Working against this is clipboard pretence. Pro football's most prominent talking heads seem enamoured with the idea that modern football requires every player to be a specialist. How often do we hear about the intricacies of elaborate assignments, the complexities of playbooks, and that a generalist just can’t cope? Tebow is the case study here. It may well be true that the highest level of football calls for the focus of a fundamental skill, such as blocking, or running through gaps, or, as it is in Tebow’s case, accurate forward passing. But at the end of the day, aren't self-belief, being hard to tackle and having incredible diligence all skills?

Working in favor of the idea is Tebow’s prior professional success. Like the backs of a former era, Tebow is less conceptual in his approach to football: he sees a hole and he darts through it. He watches a defense lean one way, and heads the other. He's also less reliant on schemes and formations than is given credit for. He's the game's equivalent of Larry David: set up the scene and he'll take it from there. We saw him do this in Denver in 2011.

Tebow ran numerous option plays as the Broncos quarterback with Willis McGahee as running back, where together they amassed hundreds of yards on the ground in a short time. Denver played the option almost exclusively in the fourth quarter of their 38-24 win over the Oakland Raiders. They used it again a week later in a 17-10 unseating of the Kansas City Chiefs. But most notably, in an overtime win over the San Diego Chargers, Tebow set an NFL record 22 rushing attempts by a quarterback in one game, using the option. His 67 yards rushing and 143 passing that day, boasted a mastery of the strategy that was unprecedented at the professional level.

For all the so-called gimmicks and gadgets that teams should employ for a player like Tebow, its the player himself who most often makes something happen. That's Tebow's forte - interpretation. Certainly, running backs or half-backs, or "wild" backs need blocking and unbalanced formations, and the potential of several outlets or escape hatches, but they also dictate outcomes using their supreme speed, strength and vision. And in Tebow's case, an unparalleled will to succeed is undoubtedly a factor too. In this regard, Tebow’s runs, especially those late in the Denver campaign two seasons ago, appear to be the work of divine intervention.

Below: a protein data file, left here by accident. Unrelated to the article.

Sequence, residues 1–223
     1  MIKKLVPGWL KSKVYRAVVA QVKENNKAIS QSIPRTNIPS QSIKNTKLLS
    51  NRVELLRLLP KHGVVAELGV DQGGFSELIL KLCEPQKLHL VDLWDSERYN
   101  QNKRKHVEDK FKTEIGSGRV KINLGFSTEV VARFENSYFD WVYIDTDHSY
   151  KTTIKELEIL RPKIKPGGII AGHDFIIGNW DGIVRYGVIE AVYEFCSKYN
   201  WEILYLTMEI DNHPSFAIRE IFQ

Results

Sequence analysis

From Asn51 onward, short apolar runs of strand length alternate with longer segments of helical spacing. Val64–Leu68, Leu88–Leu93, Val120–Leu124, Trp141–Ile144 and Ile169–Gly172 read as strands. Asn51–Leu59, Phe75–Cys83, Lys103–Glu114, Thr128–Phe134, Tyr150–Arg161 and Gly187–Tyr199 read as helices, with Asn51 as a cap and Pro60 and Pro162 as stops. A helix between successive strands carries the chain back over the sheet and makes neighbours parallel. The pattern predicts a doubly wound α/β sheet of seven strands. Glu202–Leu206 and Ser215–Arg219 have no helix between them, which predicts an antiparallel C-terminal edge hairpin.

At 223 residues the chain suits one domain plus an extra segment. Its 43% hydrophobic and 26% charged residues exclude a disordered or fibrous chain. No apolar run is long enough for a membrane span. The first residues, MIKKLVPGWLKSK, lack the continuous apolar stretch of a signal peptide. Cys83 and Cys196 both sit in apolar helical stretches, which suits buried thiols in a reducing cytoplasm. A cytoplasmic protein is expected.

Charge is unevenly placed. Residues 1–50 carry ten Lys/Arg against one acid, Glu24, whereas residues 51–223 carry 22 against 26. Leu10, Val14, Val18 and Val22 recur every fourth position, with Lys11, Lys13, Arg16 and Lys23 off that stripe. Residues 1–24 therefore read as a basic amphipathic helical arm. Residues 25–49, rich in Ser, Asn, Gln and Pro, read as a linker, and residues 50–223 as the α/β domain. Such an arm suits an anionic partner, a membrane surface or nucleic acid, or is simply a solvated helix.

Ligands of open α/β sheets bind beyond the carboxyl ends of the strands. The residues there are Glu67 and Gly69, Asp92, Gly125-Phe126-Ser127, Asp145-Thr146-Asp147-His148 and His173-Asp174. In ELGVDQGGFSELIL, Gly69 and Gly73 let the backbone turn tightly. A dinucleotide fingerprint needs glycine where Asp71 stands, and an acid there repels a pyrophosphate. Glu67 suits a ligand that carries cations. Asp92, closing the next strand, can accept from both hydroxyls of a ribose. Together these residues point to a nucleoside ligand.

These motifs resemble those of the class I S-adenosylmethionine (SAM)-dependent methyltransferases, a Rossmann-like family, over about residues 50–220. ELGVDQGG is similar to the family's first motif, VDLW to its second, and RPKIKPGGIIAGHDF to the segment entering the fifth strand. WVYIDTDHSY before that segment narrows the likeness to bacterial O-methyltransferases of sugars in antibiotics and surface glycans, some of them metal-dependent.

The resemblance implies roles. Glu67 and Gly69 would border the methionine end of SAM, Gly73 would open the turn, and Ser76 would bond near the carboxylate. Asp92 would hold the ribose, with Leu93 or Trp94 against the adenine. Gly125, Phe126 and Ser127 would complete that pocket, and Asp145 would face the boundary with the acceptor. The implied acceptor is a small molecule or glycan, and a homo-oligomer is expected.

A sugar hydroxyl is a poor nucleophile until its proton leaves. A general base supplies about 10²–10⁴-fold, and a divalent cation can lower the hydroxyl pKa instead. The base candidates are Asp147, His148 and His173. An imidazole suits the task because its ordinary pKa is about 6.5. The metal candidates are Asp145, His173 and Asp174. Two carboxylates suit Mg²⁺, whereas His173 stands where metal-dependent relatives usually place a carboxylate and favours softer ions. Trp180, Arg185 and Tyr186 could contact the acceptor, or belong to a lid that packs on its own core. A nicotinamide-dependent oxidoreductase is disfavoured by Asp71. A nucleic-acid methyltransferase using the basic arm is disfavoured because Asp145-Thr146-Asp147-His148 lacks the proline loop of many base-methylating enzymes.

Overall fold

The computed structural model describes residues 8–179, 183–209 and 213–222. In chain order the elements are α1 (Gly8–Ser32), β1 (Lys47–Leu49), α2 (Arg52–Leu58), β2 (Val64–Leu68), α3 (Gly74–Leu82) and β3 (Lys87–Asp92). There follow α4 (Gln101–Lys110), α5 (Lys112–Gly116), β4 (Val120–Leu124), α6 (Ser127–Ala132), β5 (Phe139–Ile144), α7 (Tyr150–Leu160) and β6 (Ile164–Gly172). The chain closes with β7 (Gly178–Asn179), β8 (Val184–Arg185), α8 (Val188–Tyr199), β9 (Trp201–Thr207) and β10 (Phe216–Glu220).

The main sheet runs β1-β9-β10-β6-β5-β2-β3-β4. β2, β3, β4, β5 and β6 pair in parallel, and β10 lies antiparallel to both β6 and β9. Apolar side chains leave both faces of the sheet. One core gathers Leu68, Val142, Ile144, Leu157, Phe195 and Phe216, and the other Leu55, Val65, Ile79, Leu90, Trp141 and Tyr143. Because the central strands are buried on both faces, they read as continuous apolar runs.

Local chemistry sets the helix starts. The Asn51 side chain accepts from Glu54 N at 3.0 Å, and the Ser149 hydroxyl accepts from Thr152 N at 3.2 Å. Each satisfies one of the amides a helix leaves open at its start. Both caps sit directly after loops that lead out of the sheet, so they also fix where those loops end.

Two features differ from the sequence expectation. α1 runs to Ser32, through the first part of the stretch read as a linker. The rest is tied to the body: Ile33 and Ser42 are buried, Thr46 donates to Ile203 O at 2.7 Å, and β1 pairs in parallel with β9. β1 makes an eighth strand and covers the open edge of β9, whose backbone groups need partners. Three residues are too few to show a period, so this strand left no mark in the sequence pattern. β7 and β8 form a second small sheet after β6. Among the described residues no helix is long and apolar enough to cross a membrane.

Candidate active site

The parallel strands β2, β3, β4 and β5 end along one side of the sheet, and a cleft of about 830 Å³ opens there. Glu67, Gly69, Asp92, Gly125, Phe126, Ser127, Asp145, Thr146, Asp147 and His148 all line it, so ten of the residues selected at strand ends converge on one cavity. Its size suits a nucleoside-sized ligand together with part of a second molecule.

So, yes, the Pats will need to think through some options. They'll benefit from plays specific to Tebow's repertoire, and to pinpoint instances in which he can bowl through, around, or over obstacles. But it'll be his thunderous running, and elusiveness, that'll make those plays work. And whether the defense suspects it or not, Tebow won't be denied yards. He'll additionally confuse defenders and inspire audiences simply by being on the field. He'll whip up lot of noise, both literally and metaphorically, even if just for a handful of plays.

Okay, we don't know exactly what Belichick will do with Tebow, so what do we know?

We know that Tebow is a rare and confounding specimen - a player who can make some throws, but more importantly, change direction like a running back. We can make fun of his passing but Tebow’s downfield tosses weren’t so terrible in Denver that they can't be a threat at all (he made 9 of 18 in that San Diego game). The promise of a threat is all Belichick needs for this signing to be a success in the end. The prospect of Tebow breaking a single play is certainly worth the risk.

The coach recently told reporters, "we'll see," of what he plans for Tebow. And yet, in Tebow, he surely realizes the potential to weave a number of tricks. It might take time, maybe even a season. However, given Belichick's propensity to use players out of position, as he did once so effectively playing linebacker Mike Vrabel as a tight end, Tebow has great prospects on this very clever football team.

Let's remember, Tebow is not just a run-of-the-mill back NFL defenses are accustomed to preparing for. He's simply not like those boasting power only, or just quickness, or even agility. Rather, he is a man with an array of skills, the way old-style footballers like Jim Thorpe of the Canton Bulldogs had almost 100 years ago. Heck, strap the headgear on him, they might even look alike.

Regardless of what's to come in New England, many pundits will discuss Tebow's signing as if there’s a grand Belichickian subtext. But there no real agenda when it comes to Tebow, not beyond getting the ball across the goal line.